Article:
“Inflation has started to stabilize,” he observed. “The higher-income customer is really resonating with our value proposition, and we’re having meaningful increases there in terms of that customer. And the profitability of that customer is higher as well because they shop the full mix of our stores and they would be buying more produce in fresh departments and deli/bakery, which is driving some of that profitability. So we feel really good on how we’re connecting with our customers during this time.”

But, he noted, the retailer is always on the lookout to do better. 

“Customers that are most loyal to us will still spend 30% to 50% of their spending somewhere other than Kroger, and that’s an opportunity for us to improve our position,” McMullen said. “When you look at fresh, we start off with a higher share of fresh than we do in other parts, but it’s an area where we’re meaningfully better than our competitors. So our ability and focus on growing our business is to do ‘full, fresh and friendly’ in a way that it resonates with all customer types, and do it in a way where there’s zero compromise. Fresh is incredibly important, and friendly is incredibly important. That’s our sweet spot where we connect the best, and that is a growing area across the U.S. And we operate in many markets that are growing as well.”

Kroger Boost
CEO Rodney McMullen said that early results from the retailer’s Boost membership program are exceeding expectations with incremental engagement and overall household spend.

Private-Brand Powerhouse  

The second pillar of Kroger’s strategy, private brands, was a major reason that the retailer posted another strong quarter and fiscal 2022, with same-store sales up 10.1% in Our Brands, reflecting the growing importance to inflation-embattled customers of these exclusive-to-Kroger products. 

“A customer on a budget can get great value with Our Brands,” McMullen affirmed. “They can save 7% to 10% by buying Our Brands versus national brand. If you look at our Home Chef and products related to that, a customer can get a meal for … one-third to one-fourth of what it costs to go out.”

Over the past 10 years, Kroger’s private-brand portfolio has picked up share during almost every year. The only exception to that was a little bit of time during the pandemic, when consumers had more money in their pockets, McMullen noted.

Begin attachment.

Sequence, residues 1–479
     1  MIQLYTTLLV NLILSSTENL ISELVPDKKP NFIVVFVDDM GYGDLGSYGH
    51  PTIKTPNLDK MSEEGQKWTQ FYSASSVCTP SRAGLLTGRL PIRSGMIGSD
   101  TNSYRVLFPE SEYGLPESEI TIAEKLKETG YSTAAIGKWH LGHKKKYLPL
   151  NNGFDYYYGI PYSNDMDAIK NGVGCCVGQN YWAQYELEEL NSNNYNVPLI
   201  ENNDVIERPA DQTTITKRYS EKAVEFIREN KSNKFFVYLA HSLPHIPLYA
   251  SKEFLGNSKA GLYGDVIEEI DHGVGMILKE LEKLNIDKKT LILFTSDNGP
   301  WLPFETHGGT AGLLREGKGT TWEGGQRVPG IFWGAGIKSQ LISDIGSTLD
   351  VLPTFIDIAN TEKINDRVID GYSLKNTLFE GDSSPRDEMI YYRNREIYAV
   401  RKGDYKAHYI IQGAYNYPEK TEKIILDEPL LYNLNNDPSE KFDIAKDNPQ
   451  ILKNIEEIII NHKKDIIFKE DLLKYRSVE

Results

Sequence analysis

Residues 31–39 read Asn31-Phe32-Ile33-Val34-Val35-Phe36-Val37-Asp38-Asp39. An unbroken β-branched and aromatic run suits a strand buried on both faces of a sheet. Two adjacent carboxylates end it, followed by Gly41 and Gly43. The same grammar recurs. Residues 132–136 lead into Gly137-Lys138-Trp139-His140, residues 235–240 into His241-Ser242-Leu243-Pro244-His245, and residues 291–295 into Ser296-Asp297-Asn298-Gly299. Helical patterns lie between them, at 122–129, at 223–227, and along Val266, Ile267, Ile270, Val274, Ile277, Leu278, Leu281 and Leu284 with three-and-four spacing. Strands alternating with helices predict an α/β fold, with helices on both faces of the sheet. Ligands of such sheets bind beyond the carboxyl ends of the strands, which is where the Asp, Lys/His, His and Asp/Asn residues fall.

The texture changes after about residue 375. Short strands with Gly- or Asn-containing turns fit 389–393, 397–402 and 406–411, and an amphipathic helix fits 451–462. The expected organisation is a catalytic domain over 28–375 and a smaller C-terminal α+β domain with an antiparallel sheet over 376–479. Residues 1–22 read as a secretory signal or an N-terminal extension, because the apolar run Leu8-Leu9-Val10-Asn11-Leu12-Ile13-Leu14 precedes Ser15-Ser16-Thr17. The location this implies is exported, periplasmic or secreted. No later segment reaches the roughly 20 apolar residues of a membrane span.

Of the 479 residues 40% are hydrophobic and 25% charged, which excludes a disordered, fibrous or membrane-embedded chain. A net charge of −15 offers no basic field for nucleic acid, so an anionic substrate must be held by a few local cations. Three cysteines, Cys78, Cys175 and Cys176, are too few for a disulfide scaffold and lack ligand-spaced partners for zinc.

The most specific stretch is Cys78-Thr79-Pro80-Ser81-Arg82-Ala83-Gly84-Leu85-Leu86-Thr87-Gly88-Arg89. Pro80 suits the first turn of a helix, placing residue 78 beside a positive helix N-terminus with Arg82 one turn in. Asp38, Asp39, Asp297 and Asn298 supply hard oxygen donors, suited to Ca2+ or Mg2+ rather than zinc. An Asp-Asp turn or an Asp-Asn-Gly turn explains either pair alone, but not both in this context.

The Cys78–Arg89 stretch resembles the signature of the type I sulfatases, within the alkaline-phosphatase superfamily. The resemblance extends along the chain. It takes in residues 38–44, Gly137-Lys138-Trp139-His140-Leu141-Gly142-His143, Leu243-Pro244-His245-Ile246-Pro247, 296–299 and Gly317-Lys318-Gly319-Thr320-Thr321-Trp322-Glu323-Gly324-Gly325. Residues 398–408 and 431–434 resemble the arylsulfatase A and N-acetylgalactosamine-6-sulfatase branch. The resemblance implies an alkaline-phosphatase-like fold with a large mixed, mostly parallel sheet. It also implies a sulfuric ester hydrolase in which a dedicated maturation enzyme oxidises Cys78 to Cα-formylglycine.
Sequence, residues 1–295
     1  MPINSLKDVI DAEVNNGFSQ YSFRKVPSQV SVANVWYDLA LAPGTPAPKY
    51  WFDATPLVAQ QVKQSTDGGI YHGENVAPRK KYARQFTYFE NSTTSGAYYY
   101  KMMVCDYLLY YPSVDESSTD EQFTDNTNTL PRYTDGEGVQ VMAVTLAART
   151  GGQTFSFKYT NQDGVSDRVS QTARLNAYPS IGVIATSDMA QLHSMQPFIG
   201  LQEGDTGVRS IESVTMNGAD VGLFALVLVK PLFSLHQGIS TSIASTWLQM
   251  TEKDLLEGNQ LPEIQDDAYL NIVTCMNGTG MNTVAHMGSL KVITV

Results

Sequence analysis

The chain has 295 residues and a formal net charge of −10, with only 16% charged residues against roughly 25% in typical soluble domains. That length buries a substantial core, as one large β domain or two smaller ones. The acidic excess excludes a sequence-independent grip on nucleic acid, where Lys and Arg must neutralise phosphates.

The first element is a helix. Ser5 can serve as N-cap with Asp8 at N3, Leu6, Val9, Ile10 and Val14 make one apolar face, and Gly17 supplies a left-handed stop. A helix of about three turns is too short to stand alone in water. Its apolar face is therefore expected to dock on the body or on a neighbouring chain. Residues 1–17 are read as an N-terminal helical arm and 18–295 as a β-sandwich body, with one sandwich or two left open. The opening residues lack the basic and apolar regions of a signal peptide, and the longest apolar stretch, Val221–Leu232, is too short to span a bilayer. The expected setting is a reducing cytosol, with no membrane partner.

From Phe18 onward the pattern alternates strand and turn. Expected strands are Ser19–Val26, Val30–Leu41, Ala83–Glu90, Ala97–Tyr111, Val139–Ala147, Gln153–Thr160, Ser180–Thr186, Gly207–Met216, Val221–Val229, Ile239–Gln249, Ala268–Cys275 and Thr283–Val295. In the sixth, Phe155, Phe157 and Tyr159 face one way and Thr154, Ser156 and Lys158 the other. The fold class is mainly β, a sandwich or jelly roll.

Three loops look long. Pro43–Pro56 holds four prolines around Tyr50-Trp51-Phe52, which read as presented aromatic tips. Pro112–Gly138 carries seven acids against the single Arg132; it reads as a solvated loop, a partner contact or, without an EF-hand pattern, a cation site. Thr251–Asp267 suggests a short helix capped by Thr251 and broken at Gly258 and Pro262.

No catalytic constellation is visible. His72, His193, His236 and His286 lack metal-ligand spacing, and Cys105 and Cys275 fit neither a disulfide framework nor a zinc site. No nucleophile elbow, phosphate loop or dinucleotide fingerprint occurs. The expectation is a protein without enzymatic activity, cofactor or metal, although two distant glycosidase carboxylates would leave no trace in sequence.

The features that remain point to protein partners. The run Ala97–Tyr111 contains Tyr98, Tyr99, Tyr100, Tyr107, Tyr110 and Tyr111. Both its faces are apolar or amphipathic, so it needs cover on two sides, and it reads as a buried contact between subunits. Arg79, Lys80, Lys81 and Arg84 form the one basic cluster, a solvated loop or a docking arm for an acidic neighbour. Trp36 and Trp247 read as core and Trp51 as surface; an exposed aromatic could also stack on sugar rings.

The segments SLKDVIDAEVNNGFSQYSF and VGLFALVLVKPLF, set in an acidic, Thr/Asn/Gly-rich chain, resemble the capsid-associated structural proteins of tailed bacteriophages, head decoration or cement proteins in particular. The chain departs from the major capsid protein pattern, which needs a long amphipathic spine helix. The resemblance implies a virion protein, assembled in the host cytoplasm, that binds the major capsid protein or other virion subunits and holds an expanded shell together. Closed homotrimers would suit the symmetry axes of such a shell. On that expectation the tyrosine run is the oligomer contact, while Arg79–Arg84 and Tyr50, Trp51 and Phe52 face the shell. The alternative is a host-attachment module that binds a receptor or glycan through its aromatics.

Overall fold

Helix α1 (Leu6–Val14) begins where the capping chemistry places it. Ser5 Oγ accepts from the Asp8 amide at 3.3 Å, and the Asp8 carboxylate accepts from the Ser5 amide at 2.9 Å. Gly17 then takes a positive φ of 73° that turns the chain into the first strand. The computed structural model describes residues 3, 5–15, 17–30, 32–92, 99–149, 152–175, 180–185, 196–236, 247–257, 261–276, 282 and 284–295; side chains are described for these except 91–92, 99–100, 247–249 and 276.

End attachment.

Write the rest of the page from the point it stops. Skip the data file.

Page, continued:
During its fourth quarter, Kroger celebrated the 10th anniversary of Simple Truth, a more than $3 billion brand providing customers with 1,500-plus unique natural and organic products. The milestone came after the retailer launched Smart Way, a new opening-price-point brand, as part of Kroger’s Our Brands portfolio. This line merges 16 legacy brands into a single, easy-to-find identity. Smart Way joins Kroger brand, Private Selection, Home Chef, Heritage Farm and Simple Truth in the grocer’s private-brand lineup. 

“By consolidating and simplifying several brands into one, we are making it easier for customers while creating a point of differentiation across the full portfolio,” McMullen explained. “We will continue expanding Our Brands to more categories with innovative product offerings. Our goal is to help every customer find high-quality, affordable products they love, from pantry staples to fresh food to ready-to-eat restaurant-quality meals.”

During Q4, the company also opened its 1,000th Murray’s Cheese shop within Kroger stores, offering customers a highly curated cheese selection in more than 30 states across the country.  

Personalization With Scale

Kroger’s third pillar, its personalization business, has also been on fire as of late. 
Kroger Precision Marketing (KPM), the grocer’s retail media arm, is one of its fastest-growing alternative-profit businesses and well positioned to win within the U.S. retail media landscape, which is projected to be a $55 billion industry by 2024. Last year, Kroger’s alternative-profit businesses achieved $1.2 billion in operating profit in 2022.